The Ministry of Labour's CLU's main responsibilities are to monitor child labor, collect and analyze data, and review and ensure the enforcement of existing legislation. There are 81 labor inspectors in the country, 35 of which have received training on issues of child labor. These inspectors play a critical role in combating child labor.1927

The Government of Jordan ratified ILO Convention 138 on March 23, 1998 and ILO Convention 182 on April 20, 2000.1928

1904 ILO-IPEC, All About IPEC: Programme Countries, [online] [cited August 8, 2002]; available from http://www.ilo.org/public/english/standards/ipec/about/countries/t_coun….

1905 ILO-IPEC, National Programme for the Prevention and Elimination of Child Labour in Jordan, project document,
JOR/02/P50/USA, Geneva, September 2002, 7. Also see H.M. Queen Noor, National Task Force for Children, [online]
2002 [cited August 8, 2002]; available from http://www.noor.gov.jo/main/ntfc.htm.1906 ILO-IPEC, National Programme Jordan, project document, 24-25.

1907 Ibid., cover.

1908 Ibid., 26-27.

1909 Ibid., 3.

1910 Ibid., 3-4.

1911 Ibid., 6. Incidence and Nature of Child Labor

1912 Mohammad Shahateet and Nihava Issa Dabdub, A Report on the Status of Child Labour in Jordan 2001, The Jordanian Ministry of Labour, Amman, July 2002, 10.

1913 Ibid., 15-16.

1914 U.S. Department of State, Country Reports on Human Rights Practices – 2001: Jordan, Washington, D.C., March 4, 2002, 2147-51, Section 5 [cited December 23, 2002]; available from http://www.state.gov/g/drl/rls/hrrpt/2001/nea/ 8266.htm.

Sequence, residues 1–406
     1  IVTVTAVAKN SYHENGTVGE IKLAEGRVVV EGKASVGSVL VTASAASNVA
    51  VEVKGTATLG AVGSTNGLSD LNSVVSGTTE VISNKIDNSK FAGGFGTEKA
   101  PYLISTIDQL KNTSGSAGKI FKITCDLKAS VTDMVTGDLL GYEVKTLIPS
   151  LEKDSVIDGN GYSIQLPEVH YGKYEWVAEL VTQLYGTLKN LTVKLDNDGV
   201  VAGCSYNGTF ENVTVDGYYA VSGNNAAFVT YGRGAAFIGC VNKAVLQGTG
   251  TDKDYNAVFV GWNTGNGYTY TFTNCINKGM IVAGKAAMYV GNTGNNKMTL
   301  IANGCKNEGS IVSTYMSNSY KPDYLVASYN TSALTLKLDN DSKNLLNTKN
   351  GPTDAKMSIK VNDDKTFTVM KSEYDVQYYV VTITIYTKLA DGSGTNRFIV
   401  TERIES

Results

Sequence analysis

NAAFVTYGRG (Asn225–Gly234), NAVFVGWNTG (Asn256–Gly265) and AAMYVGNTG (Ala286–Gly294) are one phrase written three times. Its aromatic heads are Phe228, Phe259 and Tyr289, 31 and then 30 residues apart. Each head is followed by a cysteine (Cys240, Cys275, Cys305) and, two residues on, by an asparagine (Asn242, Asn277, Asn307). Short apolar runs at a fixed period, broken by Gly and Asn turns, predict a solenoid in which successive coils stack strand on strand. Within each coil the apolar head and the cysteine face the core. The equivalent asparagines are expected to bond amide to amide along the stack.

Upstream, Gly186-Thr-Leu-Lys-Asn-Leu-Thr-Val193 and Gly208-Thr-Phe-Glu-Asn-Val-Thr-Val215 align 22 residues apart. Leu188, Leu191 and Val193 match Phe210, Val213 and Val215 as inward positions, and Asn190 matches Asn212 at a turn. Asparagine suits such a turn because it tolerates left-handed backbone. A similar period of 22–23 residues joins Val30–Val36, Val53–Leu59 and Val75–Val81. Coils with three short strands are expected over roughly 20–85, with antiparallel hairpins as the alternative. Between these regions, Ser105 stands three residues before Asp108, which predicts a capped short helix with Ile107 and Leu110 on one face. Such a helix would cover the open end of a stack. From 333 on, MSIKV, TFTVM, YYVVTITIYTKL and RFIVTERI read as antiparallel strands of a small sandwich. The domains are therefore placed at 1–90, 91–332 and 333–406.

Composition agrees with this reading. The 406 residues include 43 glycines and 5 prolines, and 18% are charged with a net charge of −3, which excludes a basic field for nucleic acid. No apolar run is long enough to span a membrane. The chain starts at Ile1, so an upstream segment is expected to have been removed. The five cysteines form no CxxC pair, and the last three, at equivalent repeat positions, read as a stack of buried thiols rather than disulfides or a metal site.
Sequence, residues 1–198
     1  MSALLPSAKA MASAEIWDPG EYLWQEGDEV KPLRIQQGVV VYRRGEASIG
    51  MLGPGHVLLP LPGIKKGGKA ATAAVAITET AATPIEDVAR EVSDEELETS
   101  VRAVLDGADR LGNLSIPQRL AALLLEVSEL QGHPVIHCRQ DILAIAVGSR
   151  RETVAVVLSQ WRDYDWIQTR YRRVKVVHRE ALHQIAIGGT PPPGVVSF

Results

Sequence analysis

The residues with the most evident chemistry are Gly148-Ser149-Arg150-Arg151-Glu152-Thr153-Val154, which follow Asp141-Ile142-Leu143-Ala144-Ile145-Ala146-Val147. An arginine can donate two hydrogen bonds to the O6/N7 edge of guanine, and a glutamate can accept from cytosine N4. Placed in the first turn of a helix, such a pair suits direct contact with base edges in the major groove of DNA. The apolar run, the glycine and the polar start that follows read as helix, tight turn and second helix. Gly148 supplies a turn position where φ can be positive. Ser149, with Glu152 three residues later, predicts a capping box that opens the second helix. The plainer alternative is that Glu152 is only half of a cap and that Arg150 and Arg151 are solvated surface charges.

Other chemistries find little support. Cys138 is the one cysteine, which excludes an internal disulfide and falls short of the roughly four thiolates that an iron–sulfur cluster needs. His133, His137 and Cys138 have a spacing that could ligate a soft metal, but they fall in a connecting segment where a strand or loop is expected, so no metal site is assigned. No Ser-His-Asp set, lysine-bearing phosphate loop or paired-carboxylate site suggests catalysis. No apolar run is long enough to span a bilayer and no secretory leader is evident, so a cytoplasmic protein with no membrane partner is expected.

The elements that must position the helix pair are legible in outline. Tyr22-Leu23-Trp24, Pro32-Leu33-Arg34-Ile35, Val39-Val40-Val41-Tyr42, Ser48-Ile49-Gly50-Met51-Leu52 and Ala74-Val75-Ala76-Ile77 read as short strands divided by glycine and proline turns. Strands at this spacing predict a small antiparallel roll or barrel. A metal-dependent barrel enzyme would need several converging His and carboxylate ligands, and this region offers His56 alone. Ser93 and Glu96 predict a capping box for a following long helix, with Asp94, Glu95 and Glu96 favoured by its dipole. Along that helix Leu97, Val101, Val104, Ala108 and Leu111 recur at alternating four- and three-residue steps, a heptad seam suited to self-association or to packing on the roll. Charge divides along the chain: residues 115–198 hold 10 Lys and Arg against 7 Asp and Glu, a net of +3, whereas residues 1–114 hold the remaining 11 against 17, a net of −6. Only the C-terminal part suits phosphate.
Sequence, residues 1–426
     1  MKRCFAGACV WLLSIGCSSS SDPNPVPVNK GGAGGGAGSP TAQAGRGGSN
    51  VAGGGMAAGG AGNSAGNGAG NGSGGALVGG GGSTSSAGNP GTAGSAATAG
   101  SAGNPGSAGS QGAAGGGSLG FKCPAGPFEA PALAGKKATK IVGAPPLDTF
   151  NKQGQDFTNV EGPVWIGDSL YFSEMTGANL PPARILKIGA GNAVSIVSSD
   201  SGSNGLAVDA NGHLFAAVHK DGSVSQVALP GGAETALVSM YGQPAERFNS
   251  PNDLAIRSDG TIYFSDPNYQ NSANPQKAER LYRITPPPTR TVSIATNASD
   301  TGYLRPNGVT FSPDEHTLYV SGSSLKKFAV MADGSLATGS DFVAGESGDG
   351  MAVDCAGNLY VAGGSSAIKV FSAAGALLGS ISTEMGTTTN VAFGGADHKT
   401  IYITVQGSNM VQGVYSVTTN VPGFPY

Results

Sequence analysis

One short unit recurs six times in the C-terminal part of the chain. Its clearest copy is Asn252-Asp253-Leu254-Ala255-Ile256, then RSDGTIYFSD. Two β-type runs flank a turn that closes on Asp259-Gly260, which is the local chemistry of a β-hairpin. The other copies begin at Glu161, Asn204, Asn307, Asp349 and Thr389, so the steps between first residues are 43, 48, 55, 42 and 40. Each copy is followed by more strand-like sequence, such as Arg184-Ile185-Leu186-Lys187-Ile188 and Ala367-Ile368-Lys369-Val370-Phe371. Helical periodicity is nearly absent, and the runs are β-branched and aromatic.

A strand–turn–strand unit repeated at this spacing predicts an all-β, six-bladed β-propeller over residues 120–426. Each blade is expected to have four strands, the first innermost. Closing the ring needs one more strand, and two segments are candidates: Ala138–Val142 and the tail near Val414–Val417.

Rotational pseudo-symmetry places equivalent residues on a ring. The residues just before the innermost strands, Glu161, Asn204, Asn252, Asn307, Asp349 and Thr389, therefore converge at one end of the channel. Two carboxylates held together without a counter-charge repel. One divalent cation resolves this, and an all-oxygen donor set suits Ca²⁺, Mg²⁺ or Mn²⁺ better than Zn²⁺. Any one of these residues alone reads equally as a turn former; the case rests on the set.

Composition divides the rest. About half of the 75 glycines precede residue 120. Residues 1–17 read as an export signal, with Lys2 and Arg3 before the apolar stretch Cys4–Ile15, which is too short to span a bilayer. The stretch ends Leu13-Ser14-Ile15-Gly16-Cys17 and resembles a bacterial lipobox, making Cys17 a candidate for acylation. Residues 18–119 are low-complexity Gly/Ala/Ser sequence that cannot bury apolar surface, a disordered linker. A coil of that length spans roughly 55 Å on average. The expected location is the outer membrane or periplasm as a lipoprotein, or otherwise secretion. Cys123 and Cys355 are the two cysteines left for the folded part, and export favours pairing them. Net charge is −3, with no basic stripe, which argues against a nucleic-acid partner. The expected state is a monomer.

1915 ILO-IPEC, National Programme Jordan, project document, 5.

1916 Approximately 73 percent of the total student population attend government schools, 15 percent private schools, and 12 percent United Nations Relief Work Agency (UNRWA) schools. Ibid., 3, 5.

1917 In 1998, the GPE was 68.9 percent for females and 68.4 percent for boys, while the NPE was 64.6 for females and 63.3 for males. World Bank, World Development Indicators 2002 [CD-ROM], Washington, D.C., 2002.

1918 ILO-IPEC, National Programme Jordan, project document, 6.

1919 These reasons are based on two studies. One was conducted in 1995 and the other in 2001. Ibid.

1920 This study was based on 2,539 working children. Shahateet and Dabdub, Child Labour in Jordan 2001, 9 and 23.

1921 Government of Jordan, Labour Code, Law No. 8 of 1996, (March 2, 1996), Section 73 [cited December 23, 2002]; available from http://natlex.ilo.org/txt/E96JOR01.htm. See also U.S. Embassy – Amman, unclassified telegram no. 3340, June 2000.

1922 Labour Code, Section 74.

1923 The Code does not specify the age of a minor. Young people are defined individuals of either sex who have not yet reached 18 years of age. In other cases, the use of the term "minor" is qualified as to specify an age. For example, see Section 73 "no minor under sixteen" or Section 74 "no minor under seventeen." Therefore, it is reasonable to assume that the term "young person" is synonymous with "minor," meaning any person under 18 years of age. Definitions can be found in Section 2 of the code. Ibid., Section 75.

1924 Ibid., Section 76.

1925 Ibid., Section 77. For currency conversion, see FX Converter, [online] [cited August 13, 2002]; available from http://www.oanda.com/.

1926 Constitution of the Hashemite Kingdom of Jordan, Chapter 2, Article 13 [cited October 25, 2001]; available from http://www.parliament.gov.jo/english/legislative/constit.htm.

1927 ILO-IPEC, National Programme Jordan, project document, 20.

1928 ILO, Ratifications by Country, in ILOLEX, [database online] [cited October 3, 2002]; available from http://www.ilo.org/ilolex/english/newratframeE.htm.